Discovering a gold nugget is lucky, but how much of it is actually pure, valuable gold?
Gold nuggets are pieces of larger gold ore deposits, known as lodes. As weathering breaks down the gold lodes in the ground, gold nuggets form. This process of ‘dissolving’ the gold lode into smaller pieces is the reason for the varied shapes and sizes of the nuggets.
This variation in gold nuggets can also be seen in the purity of each nugget’s total mass.
Composition of gold nuggets
Gold nuggets are not 100% pure gold.
In fact, gold nuggets are a metal alloy that can consist of a range of other metals, usually in trace amounts. These metals can include silver, copper, and nickel, as a few common examples. While silver is documented as being in most gold nuggets, trace amounts of palladium and iron are also very rarely found.
Although these other metals affect the purity of a nugget, gold is a ‘chemically stable’ metal. This simply means that gold does not combine with other metals very easily. Most nuggets found in nature are considered ‘pure’ and referred to as ‘native gold’. Historically, gold benefited from this natural purity by needing less or no refinement before being used or displayed.
So, gold nuggets are usually within a range of about 75% to around 95% pure. On average, nuggets found in Australia are very pure (around 85 – 95%), whereas Alaskan nuggets fall on the lower end of purity (around 75 – 85%).
These are the facts, but how exactly do we determine the purity of a nugget? There are a few things to know.
Measuring gold nuggets
The easiest way to tell how pure a gold nugget is without the use of a testing kit or smelting it down is simply by observing its color. Although not very accurate, the richer and brighter yellow or gold coloring, the higher the gold content will be.
There are two measurement systems which determine the purity of a gold nugget:
One karat is equal to 4.1667% or 1/24. In this case, one karat would be a single part of the whole mass of a nugget. So, a 22 karat gold nugget would be 22 parts (~91.6674%) gold and 2 parts (~8.3334%) of another metal. The karat value of gold is listed with a ‘K’ or ‘kt’ (22K/22kt).
Fineness as a measurement functions the same as karats. It represents the gold part of a mass with a value out of 1000. A nugget that is 75% (18K) gold would be labeled 750 fine. After being smelted, the fineness of the gold is often included in the bar mold.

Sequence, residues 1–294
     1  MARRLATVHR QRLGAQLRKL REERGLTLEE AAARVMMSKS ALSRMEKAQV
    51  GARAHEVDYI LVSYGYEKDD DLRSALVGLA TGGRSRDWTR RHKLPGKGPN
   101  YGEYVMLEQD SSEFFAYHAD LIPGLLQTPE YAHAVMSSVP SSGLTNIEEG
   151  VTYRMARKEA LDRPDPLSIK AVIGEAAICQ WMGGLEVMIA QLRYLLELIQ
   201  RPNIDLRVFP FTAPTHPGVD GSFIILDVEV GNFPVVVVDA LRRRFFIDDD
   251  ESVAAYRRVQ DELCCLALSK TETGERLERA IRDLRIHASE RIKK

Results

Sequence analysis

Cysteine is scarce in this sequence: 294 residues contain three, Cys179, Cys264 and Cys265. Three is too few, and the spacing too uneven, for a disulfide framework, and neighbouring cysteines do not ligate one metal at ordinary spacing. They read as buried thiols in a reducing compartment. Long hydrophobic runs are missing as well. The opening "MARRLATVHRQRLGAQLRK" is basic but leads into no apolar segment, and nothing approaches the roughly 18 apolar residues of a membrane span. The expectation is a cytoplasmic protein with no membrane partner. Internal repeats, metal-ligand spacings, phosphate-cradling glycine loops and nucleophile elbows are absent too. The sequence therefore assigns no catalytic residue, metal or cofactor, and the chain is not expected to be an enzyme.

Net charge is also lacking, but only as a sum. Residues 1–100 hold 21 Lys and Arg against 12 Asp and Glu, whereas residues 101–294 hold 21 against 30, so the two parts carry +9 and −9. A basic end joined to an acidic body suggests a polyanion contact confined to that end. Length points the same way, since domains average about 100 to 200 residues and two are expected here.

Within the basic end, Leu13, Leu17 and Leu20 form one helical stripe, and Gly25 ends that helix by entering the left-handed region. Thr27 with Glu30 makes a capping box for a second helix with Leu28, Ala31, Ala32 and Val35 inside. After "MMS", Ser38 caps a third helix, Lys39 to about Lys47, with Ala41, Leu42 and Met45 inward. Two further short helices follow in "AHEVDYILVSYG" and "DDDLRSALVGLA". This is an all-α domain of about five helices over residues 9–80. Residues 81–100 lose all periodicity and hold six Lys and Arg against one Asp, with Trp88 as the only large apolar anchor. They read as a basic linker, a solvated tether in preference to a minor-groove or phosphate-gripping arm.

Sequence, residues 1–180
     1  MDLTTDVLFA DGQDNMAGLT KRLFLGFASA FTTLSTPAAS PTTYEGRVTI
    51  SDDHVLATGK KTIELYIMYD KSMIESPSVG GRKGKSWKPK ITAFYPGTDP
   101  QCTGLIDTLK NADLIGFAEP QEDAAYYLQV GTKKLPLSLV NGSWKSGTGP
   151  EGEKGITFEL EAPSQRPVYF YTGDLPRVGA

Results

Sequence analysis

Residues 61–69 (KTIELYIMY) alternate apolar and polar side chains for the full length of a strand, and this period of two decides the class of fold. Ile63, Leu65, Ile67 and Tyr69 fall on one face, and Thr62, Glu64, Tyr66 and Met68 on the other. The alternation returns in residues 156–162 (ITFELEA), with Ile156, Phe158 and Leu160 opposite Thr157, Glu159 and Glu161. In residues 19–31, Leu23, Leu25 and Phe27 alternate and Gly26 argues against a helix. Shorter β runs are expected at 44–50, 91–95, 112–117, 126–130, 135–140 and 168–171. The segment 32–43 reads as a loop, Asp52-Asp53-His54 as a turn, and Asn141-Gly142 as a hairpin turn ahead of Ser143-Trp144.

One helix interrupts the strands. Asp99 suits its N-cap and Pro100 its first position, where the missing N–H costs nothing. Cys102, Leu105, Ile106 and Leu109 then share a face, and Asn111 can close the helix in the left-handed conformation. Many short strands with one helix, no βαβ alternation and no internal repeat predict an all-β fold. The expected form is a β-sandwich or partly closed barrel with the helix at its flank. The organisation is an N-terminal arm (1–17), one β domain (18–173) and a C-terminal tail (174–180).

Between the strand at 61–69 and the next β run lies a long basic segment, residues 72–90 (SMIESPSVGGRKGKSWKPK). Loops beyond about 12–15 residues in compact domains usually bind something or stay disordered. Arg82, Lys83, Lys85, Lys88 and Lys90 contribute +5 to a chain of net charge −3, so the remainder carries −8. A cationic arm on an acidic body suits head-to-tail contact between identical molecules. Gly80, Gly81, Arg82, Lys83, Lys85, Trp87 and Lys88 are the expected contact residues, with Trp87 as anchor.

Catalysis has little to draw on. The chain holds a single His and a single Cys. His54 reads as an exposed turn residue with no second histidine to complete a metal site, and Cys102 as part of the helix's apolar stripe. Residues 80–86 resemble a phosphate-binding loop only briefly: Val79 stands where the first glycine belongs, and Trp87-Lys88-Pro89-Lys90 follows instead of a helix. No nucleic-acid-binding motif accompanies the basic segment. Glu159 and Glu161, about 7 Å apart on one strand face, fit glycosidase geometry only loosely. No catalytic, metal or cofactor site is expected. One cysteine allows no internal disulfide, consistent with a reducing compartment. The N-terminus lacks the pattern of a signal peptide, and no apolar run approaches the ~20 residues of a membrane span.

Separate from purity, the ‘troy system’ is used to measure the weight of primarily gold and silver. It consists of the mass units: the grain (0.065 grams), the pennyweight (24 grains), the troy ounce (20 pennyweights), and the troy pound (12 troy ounces). Determining the weight of a gold nugget is necessary to figure out its total value.
Factors that affect purity
Even though you won’t be able to find a truly ‘pure’ gold nugget, depending on a few factors it will still be very valuable.
The geographical environment, or rather the specific lode that the gold came from, can cause unique alterations to the purity.
As weathering occurs the amount of other metals in a nugget decreases. Given enough time and movement, most impurities will leave a nugget.
This isn’t a consistent factor, however, smaller nuggets have less surface area for other metals to attach to. This can mean that the smaller a nugget is, the higher its purity may be.
Gold is one of the natural resources which you can rely on finding at high quality. Its natural appeal even in the form of a gold nugget is what makes gold prospecting so alluring. Anyone can discover a gold nugget with a bit of luck, experience, and knowledge.
If you are still interested in the world of gold nuggets or simply enjoyed this article, we encourage you to share it with anyone and comment about your thoughts.